Year nine and 10 students are still achieving good levels despite a report suggesting their progress is not being tracked well enough, the head of the Secondary Principals' Association says.
A survey of 68 secondary schools by the Education Review Office (ERO) released on Tuesday found schools were gathering limited information about their students' performance in literacy and numeracy at years nine and 10, the years once known as form three and four.
"Very few schools were actually setting improvement targets for these students, with boards of trustees typically in the dark about the achievement of this group of students," Dr Stoop said.
"These are the foundation years for secondary schooling and it's vital that schools get it right for these students."
Secondary Principals' Association president Patrick Walsh told NZ Newswire the continually improving pass rates of NCEA Level One, assessed in year 11, suggested the children were making good progress at years nine and 10.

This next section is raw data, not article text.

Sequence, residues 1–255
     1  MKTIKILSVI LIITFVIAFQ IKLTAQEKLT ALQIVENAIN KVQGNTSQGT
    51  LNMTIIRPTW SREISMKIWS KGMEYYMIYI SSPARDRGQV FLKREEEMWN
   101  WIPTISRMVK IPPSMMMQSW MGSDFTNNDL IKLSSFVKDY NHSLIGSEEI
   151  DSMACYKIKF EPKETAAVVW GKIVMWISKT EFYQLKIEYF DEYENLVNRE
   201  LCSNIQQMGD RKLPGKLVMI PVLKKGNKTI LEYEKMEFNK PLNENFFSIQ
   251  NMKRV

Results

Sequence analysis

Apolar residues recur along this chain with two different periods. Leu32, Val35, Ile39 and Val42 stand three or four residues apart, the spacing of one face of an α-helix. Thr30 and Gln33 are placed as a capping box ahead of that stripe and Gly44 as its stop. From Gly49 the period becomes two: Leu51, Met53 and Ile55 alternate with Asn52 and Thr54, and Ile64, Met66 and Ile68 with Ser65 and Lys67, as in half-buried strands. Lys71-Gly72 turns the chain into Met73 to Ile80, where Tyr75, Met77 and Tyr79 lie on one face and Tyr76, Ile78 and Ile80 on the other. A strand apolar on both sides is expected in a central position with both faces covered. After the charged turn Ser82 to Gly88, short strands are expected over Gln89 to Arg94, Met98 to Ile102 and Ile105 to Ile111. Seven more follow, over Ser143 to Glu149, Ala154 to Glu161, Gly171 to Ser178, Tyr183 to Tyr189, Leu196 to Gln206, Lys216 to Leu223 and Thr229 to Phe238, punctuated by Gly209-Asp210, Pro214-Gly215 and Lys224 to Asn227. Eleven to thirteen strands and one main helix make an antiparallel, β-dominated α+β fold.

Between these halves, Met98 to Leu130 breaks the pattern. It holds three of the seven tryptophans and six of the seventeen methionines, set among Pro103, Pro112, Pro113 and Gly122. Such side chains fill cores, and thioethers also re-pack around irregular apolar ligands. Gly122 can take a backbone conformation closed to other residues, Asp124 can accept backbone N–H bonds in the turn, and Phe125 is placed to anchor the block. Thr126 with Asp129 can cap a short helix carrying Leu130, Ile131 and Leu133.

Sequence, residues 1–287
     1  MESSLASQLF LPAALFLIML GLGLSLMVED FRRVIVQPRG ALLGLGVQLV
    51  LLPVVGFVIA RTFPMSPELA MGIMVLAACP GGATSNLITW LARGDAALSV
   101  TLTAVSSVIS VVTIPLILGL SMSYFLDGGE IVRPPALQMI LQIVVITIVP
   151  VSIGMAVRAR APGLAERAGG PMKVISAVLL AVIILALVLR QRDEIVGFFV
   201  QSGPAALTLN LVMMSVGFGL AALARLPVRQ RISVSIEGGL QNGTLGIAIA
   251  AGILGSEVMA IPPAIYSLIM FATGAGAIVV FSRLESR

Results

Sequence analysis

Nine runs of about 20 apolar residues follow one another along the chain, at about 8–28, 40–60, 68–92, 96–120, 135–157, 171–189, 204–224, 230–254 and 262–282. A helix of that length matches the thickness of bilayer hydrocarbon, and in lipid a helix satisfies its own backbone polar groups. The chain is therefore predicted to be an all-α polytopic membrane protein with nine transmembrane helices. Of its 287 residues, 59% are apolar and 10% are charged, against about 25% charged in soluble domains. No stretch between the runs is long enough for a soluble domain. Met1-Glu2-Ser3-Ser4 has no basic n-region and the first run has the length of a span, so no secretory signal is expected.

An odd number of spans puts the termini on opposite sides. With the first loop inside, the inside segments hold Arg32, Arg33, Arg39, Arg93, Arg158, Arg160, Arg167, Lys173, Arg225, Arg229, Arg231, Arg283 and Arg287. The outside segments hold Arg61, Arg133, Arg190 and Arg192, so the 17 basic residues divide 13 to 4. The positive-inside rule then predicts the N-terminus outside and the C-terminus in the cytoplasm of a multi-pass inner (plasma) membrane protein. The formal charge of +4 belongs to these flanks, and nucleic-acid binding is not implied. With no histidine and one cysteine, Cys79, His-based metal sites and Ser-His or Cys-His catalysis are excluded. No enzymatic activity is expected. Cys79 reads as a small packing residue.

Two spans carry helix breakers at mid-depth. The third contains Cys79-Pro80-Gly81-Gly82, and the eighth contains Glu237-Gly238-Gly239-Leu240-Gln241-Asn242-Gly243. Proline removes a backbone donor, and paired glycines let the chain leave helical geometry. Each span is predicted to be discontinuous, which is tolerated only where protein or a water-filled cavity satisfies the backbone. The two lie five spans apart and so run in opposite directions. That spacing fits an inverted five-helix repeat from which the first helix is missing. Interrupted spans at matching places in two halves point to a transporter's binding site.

"I don't think the report is saying that year nine and 10 students are academically failing," he said.
"Clearly the year nine and 10 students are still learning and achieving well."
Mr Walsh agreed that better record-keeping and separate targets for individual students could help improve their achievement, but achieving this would be difficult with current staffing levels.
"While we accept the principle that the teacher makes the difference, clearly the demands of meeting the individualised learning needs of students, that would demand that you have smaller classes to do that."
The ERO report said just seven per cent of schools had highly effective processes for knowing about students' achievement and progress in years nine and 10.It said 57 per cent had partially effective processes, and 36 per cent had minimally effective or ineffective processes.
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